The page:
now to ensure a secure download that is encrypted. You have to use https,
but the problem is
that you may not realize which is being used,
and normally you don't see a choice on a Web page like you never see a link that says, Here, this uses a cheeky P, and this other link over here uses https. We don't get that choice usefully.
So who is controlling that while whoever created the website, the owner of the website, decides whether that link is http or https,
Unfortunately, there is a way of finding out which protocol will be used on. We'll have a look at that next.
So here is a Web page that offers a download,
but instead of left clicking on it, I'm going to right click on the link
and then I'm going to copy.
It's a dress,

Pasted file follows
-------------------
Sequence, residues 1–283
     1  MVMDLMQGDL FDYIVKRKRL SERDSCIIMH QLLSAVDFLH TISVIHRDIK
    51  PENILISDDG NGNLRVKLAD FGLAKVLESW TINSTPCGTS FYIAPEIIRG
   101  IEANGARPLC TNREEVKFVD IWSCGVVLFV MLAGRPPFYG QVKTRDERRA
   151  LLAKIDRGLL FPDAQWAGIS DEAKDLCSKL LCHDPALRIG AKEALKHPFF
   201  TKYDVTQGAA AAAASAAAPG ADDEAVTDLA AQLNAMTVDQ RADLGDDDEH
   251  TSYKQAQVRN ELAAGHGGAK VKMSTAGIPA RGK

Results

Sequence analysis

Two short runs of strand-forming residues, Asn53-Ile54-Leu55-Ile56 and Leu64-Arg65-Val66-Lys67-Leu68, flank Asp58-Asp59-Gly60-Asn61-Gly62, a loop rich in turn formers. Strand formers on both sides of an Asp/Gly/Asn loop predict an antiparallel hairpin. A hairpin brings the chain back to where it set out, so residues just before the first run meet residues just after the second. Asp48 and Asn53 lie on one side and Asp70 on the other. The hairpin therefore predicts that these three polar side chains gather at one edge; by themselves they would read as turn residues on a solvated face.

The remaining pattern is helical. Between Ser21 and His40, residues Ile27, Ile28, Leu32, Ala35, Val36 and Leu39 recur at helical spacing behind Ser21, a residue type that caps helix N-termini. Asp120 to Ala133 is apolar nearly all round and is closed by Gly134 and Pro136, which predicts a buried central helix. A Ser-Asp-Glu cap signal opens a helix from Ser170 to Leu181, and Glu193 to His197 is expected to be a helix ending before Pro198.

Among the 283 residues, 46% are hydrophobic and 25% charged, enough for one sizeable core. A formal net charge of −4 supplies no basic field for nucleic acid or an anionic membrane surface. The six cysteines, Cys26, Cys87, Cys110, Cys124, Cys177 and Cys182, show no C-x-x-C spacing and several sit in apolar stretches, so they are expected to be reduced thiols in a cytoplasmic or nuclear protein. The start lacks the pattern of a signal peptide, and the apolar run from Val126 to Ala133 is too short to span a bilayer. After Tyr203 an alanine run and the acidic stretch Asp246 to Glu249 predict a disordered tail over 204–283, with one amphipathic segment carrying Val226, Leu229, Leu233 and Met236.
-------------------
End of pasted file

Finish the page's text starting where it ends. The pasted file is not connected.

and then I'm going to paste it into note pad,
and if you look here, you'll see it's using H T T. P s.
So that would be a secure, encrypted download.
So now I can left click on it and it begins to download
now. One protocol that was commonly used for doing file transfers in the early days of the Internet was FTP file transfer protocol.
As you can see, it's been around since the 19 eighties,
and this was often used to download files from any server that was configured as an FTP server,
and in some cases you could also upload files to the FTP server.
One big advantage of FTP is it supported by a variety of operating systems. So for example, if my client computers running windows,
but the server right is you're running UNIX.
They're two completely different operating systems, but
they probably both support the use of FTP
so I could connect from the Windows machine to the UNIX machine, and I could download and upload files to it using FTP.
But FTP is insecure,
the files that you upload and download and the commands you send across the connection. I'm not encrypted,
if it requires you to log in
and you type in your username and password,